After the reading of the proclamation, April Wolford and other members of the Expressos, including Patricia Stroder, discussed their memories of the “Davenport rules.”
“One rule we had was that if the first [hitter] got on base, the second person had to hit into right field, behind the runner,” Stroder said. “That would [ideally] push the runner on first base forward two bases.”
Wolford said the sisters had an understanding of how a team needed to work together to ensure success for everyone.
“We had to be aware of what our teammates were doing,” Wolford said. “They had a very team-oriented approach.”
Those “Davenport rules” applied to life both on and off the ballfield. The News recently spoke with Joretta and Moriah Johnston, Jackie Davenport’s daughter and granddaughter, who described the Davenports’ contribution to sports in the village, but also their ability to build connections both on and off the field.
“They were both forces to be reckoned with,” Moriah Johnston said, explaining how both sisters were respected around the village as they raised their children and worked.
The sisters grew up in the Ohio Veterans’ Children’s Home in Xenia until their respective graduations — Jackie in 1963 and Yvonne in 1965. According to Joretta Johnston, her mother and aunt were some of the first students to live in integrated dormitories, which played a large role in their formative years, teaching them tolerance and acceptance of diverse groups of people.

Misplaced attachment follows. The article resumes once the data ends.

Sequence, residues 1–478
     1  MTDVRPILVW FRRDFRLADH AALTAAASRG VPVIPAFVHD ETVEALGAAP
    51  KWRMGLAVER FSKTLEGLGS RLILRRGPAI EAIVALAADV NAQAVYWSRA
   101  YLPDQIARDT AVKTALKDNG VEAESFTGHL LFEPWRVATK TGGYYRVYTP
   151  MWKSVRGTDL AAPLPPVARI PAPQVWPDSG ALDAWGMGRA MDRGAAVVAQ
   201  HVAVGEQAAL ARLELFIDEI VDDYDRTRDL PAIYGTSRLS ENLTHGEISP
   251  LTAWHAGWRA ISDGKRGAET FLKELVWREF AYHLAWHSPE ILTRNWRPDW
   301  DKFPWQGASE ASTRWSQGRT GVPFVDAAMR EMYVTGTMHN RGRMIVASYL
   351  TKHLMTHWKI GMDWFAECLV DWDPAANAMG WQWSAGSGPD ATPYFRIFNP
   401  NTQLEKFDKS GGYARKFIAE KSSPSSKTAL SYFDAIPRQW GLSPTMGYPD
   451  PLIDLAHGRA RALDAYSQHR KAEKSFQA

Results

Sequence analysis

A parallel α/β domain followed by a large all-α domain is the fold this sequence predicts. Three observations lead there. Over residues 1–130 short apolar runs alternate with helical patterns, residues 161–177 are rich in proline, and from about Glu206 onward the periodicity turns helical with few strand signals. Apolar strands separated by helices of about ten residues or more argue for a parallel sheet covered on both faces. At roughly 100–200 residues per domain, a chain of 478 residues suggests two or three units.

Both sisters would go on to have children and decided to move to Yellow Springs in a home together to raise their family.
“Growing up in that time period, people were not as friendly towards single moms with biracial kids,” Joretta Johnston said. “Being in the village made them feel safe.”
“They grew up so poor and in what I call an orphanage,” Moriah Johnston said. “That pushed them to look for a place that really embodied community.”
As they raised their families in Yellow Springs, the Davenports were active in sports, with Jackie playing for the Robinettes, a Springfield softball team that traveled around the country for tournament play.